Frank was on the other end of the line and he said, Steve, I’d like to talk to you about your blog. And I was convinced that I was about to get fired for something that I’d done on my blog that was not good. And so I was somewhat nervously asked, Frank, you know, what can I tell you about the blog? And he said, I really love the work that you do on the blog. And I, you know, I think you should come to Seattle and do that as a full time job, which was quite a surprise.

And so, my wife was in the room at the time and I spoke to her and I said, Hey, I think I’ve just been offered my dream job, but I think it requires us to move to Seattle. And we sort of made a fairly snap decision that three months later we packed up our house, my wife and my nine month old daughter at the time moved to Seattle to take on this job of Chief Storyteller.

And so here I am almost 10 years after that. And it turned out to be one of the most important phone calls I ever received. And one of the best decisions I ever made. 

Fernando: So hearing about this two stories, I’m reminded about another guest that, uh, we’ve had recently in the podcast, Paula Kennedy, and referring to how her career moved upward in but in unexpected directions.

She told me that quote unquote: your North star will find you. Actually, meaning that many doors will open in your life and you will follow the ones you love. Until you reach your destination and specifically in your career. Is that also the lesson you take from those two stories and the advice that you give to young people starting out?

Steve: I would say it’s similar. I was about four or five years ago, I was sat having all of my best stories happen in a pub or a bar. So I sat in a bar or a pub. We have sort of a pub here on Microsoft campus in Seattle, and I was sat talking to a friend of mine, a British friend who used to work, or I worked with him in the UK back when I worked there and we were talking about, you know, he now works in Seattle. And I do, and we were sort of sharing stories about our journey over the last few years. And I sort of made this very throw away remark to John. And I said, you know, I’ve, I’ve really just got lucky. And he became someone angry at this. And he said, actually, Steve says, I don’t think you’ve been lucky at all.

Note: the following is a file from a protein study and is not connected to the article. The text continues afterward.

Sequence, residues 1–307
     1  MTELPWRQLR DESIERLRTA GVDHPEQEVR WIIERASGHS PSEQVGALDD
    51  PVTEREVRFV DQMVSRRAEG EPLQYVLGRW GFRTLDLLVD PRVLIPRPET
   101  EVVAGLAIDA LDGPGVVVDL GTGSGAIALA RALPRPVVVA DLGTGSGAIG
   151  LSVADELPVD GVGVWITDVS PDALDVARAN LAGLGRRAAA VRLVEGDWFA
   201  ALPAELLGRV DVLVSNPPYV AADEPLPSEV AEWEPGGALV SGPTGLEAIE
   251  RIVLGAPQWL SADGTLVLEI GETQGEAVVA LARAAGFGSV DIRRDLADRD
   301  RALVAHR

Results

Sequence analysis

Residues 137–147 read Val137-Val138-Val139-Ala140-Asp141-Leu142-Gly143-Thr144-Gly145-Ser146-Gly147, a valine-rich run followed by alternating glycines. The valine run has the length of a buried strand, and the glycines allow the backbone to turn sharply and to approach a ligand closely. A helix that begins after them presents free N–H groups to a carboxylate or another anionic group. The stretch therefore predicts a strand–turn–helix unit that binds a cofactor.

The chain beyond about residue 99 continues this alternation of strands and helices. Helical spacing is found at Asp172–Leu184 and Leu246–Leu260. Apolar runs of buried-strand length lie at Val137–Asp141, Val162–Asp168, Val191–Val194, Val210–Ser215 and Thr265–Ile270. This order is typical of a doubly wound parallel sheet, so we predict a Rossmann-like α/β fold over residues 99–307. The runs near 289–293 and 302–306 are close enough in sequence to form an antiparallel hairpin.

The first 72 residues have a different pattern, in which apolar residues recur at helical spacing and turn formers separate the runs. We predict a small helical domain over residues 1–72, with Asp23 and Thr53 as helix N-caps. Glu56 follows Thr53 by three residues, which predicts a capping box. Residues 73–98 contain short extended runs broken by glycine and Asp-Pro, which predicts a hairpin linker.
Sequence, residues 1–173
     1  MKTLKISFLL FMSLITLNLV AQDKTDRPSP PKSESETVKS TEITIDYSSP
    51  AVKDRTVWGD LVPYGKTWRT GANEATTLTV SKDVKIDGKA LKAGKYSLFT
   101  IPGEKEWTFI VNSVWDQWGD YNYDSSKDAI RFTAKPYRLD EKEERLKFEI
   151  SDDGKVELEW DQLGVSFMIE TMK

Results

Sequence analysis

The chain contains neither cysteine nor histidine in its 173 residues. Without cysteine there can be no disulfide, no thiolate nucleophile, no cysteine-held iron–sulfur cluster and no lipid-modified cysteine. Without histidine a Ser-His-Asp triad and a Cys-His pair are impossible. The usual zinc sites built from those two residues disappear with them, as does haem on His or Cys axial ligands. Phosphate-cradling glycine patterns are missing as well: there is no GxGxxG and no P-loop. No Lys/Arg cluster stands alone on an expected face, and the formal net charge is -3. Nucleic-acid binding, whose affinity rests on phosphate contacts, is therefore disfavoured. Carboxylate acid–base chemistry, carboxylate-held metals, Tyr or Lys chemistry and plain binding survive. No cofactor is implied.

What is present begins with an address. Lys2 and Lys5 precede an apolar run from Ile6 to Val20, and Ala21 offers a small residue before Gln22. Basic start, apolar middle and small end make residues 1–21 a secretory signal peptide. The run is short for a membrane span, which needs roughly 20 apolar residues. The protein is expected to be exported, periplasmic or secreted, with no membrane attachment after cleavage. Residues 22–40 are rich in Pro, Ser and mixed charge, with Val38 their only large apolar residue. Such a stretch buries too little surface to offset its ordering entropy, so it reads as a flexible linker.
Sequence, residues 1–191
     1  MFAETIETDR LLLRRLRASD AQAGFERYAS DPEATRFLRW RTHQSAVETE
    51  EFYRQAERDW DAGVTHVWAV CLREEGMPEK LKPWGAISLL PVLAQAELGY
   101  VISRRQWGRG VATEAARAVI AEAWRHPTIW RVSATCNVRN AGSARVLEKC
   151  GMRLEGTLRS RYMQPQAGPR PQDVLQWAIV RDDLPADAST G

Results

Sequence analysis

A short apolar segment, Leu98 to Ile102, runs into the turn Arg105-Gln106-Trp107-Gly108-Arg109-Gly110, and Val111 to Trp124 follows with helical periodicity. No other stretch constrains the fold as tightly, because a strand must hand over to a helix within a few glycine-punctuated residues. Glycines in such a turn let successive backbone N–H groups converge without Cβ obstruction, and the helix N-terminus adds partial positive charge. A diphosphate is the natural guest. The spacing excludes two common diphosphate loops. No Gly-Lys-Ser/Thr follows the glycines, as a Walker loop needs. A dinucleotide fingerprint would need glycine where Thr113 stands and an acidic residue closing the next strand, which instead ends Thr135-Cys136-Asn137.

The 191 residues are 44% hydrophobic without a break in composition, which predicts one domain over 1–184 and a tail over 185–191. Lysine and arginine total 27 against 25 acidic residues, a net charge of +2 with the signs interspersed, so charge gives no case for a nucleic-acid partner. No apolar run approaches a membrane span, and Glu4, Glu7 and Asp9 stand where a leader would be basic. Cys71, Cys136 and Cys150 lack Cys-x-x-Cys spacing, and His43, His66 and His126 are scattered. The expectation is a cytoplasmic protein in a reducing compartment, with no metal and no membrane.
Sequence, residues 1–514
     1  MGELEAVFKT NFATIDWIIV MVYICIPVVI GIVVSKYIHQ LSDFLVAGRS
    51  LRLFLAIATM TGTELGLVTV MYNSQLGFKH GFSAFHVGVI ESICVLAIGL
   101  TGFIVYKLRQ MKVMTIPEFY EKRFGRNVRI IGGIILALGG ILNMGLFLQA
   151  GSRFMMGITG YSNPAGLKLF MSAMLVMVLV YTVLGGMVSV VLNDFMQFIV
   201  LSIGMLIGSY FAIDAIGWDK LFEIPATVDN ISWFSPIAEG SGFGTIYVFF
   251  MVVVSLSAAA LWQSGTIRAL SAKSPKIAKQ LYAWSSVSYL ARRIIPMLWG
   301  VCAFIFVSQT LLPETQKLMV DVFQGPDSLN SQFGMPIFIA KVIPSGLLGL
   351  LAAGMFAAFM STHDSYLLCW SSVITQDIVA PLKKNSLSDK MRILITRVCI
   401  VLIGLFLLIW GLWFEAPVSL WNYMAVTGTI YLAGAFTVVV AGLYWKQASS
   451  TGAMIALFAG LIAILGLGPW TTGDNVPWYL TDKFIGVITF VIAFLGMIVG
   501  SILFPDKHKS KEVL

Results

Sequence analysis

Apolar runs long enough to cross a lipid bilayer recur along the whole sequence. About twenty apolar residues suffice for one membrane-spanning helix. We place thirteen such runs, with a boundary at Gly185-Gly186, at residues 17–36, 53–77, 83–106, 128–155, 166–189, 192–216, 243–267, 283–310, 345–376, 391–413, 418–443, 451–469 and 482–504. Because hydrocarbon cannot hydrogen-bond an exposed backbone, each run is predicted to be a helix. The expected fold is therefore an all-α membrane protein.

He says, luck is where hard work meets opportunity. And it really struck me that. I do think that, you know, the combination of hard work and being open to opportunities and having sort of a curiosity about the world and about people has created a set of circumstances where, at least for me, you know, it led me into a number of dream jobs.

And so, I ended up trying to package all of this up in a TEDx talk I gave about four or five years ago in my hometown of Liverpool and in the audience was my, I think he was 13 at the time, my 13 year old or 12 year old nephew, and I really ended up telling my, my TEDx where it was really all to him and I tried to share these lessons around.

One of my lessons was trying to figure out as early as you can in your career, what is it that you are put on the planet to do. And I figured out probably halfway through my professional career thus far that when I was put on the planet to do is tell stories. And for the first 15 years I was working in technology and selling technology and building technology, and I love doing that, but really what it became apparent, I started writing this blog because I love telling stories and I now basically are paid to do my hobby, but don’t tell anybody that. Because I get to tell stories every day and work with a team of people who are building stories. So it’s kind of a long answer, but I do think there is this, I love this sort of symmetry of hard work and opportunity coming together to create, you know, to open doors for you.